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Rated 3.04 stars
by 1700 people


ReelTalk Movie Reviews
Borrowing the Night
by Jeffrey Chen

Underworld received some unwanted publicity (or maybe not, since almost any publicity is good publicity) when the news reported its makers were being sued. The litigators claimed their ideas were stolen. After seeing this movie, I wonder what all the fuss was about. The only new idea here is the scenario of a centuries-old war between vampires and werewolves (called "Lycans" in the story). Honestly, would it be too difficult to come up with that concept?

Everything else about Underworld is borrowed. Its depiction of vampires as aristocratic, pretty people is nothing new. Its dark, colorless look has been seen in countless night-based movies. Its style of gunplay and slow-mo attitude, complete with leather, shades, and flowing acrobatics -- I don't even  need to mention what that's similar to. It's as if the movie plays by a strictly established set of precedents, from the hip gothic look of the vampires to the modern rules for a cooool action flick. What rules it does bend are minor -- the werewolves can change at will and no attempt is made to take reflections away from the vampires.

Such a movie can no longer impress us with originality, so it must do so with execution -- not an inferior goal, for many borrowed-element movies have been redeemed through great production, story, characters, and/or style. Underworld can brag about its consistent and professionally designed look. Star Kate Beckinsale, clad in shiny leather, helps matters with her comic-book heroine come-to-life appearance. Not so eye-pleasing are the werewolves, who, in wolf form, are hairless and look like they jumped out of a game of Doom. Because   the movie is so dark, viewers may not notice how out-of-place they appear.

If the way a movie looks is everything to you, this film will pass the test. I, myself, prefer feeling involved, and here's where Underworld lets me down. This is a story filled with explanations and little character portrayal. It features all sorts of history about vampires and Lycans, yet serves up a heroine who maintains a cold stance even after she's supposedly fallen in love. I found it hard to feel worried about her as the movie machine-guns to its finish. Worse yet, all the side characters are even less sympathetic; as the movie unfolds one new development after another, the end result is not knowing which side to root for as they're blasting away at each other. Wearing dark outfits and toting firearms, the combatants are already mostly indistinguishable, so when they start getting killed left and right, the tendency to shrug it off grows pretty strong.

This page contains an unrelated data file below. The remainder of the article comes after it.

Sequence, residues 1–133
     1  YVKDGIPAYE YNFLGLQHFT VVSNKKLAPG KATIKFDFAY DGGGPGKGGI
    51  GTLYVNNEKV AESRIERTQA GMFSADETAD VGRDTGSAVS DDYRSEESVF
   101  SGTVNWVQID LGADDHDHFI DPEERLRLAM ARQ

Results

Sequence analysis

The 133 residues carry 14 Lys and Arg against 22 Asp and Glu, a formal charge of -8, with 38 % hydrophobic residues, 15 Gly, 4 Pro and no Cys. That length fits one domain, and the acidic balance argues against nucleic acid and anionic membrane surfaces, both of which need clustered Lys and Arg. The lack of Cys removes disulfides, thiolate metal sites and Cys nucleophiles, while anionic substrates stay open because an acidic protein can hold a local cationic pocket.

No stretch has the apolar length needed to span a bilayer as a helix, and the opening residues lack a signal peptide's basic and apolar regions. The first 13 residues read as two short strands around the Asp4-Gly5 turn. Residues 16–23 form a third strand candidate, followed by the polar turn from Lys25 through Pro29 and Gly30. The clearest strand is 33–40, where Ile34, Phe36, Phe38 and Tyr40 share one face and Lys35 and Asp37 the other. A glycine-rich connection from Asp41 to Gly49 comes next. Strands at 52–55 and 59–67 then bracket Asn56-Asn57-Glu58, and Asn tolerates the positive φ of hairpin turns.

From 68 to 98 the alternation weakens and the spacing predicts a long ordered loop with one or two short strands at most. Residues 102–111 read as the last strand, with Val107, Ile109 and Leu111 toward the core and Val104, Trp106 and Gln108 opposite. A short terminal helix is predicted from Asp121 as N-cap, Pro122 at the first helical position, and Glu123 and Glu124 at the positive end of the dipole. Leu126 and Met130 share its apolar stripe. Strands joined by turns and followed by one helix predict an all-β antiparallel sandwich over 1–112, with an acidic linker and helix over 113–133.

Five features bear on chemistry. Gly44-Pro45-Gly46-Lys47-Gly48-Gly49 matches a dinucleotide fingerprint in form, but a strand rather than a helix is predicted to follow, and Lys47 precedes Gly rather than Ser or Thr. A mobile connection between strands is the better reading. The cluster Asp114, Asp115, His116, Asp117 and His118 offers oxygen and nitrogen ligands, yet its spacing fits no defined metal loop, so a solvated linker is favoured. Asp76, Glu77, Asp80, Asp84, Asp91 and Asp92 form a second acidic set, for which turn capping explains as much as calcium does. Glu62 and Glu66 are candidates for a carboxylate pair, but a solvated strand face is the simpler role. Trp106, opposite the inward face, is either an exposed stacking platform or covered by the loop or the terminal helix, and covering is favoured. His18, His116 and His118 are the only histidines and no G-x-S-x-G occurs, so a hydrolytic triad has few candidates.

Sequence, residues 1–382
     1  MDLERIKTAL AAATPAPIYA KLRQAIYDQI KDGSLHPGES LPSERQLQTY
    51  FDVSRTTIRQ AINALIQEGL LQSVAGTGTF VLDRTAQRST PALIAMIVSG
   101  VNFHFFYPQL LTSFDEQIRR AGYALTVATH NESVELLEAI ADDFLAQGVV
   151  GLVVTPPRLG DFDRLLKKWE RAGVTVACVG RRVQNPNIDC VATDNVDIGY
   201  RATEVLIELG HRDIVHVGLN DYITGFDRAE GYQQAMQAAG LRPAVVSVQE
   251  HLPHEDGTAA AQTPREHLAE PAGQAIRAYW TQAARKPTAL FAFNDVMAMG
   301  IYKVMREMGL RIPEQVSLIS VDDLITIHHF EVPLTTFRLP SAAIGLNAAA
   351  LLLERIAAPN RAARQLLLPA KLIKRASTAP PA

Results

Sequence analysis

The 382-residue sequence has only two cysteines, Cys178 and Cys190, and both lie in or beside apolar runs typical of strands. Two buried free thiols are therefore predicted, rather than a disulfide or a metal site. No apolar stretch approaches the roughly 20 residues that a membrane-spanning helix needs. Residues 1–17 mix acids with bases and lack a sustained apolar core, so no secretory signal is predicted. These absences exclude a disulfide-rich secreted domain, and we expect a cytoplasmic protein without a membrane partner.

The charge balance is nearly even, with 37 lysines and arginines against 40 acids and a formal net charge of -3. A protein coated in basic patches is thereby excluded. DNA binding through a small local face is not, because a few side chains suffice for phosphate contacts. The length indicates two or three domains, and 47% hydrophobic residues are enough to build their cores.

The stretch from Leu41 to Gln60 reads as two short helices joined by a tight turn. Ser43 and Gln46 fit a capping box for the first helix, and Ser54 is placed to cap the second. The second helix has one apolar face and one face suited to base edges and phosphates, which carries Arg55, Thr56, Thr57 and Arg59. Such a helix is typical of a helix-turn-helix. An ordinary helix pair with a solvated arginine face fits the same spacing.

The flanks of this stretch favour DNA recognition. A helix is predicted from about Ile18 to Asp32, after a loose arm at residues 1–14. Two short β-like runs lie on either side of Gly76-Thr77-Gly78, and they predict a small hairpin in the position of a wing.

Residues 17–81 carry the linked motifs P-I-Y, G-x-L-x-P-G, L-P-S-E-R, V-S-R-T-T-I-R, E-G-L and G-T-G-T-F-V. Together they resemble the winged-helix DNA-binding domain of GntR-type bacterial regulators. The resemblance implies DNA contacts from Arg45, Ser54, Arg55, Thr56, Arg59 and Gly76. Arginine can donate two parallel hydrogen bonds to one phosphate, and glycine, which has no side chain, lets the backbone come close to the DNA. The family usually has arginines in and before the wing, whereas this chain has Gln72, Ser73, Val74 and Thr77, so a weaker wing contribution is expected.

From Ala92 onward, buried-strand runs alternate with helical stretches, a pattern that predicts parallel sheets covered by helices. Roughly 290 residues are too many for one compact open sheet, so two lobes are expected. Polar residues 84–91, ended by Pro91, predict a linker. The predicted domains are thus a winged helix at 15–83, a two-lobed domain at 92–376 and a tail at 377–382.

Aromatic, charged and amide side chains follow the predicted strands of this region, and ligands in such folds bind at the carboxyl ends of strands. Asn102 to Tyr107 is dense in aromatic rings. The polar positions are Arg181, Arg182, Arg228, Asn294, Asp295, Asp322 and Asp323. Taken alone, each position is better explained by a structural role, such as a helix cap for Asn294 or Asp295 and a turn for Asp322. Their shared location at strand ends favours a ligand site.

Underworld should appeal more to action fans than to fans of monster lore. When all's said and done, the fight scenes are well-filmed and the gun battles are polished. But if you want more vampire-type stuff to chew on, you may wonder why the werewolves were ever at a disadvantage, given their superior strength. Other than being able to leap from high distances to a soft landing (an ability shared by the Lycans) and having fangs, the vampires don't seem much different from humans. They still die by the light, but they apparently lack the power to metamorphose. Borrowing the legendary weaknesses, but not the strengths? Hey, with such a raw deal, the vampires should have been the ones bringing up that lawsuit.

(Released by Screen Gems and rated "R" for strong violence/gore and some language.)

Review also posted at www.windowtothemovies.com.


                                                                                                                                                                               
 
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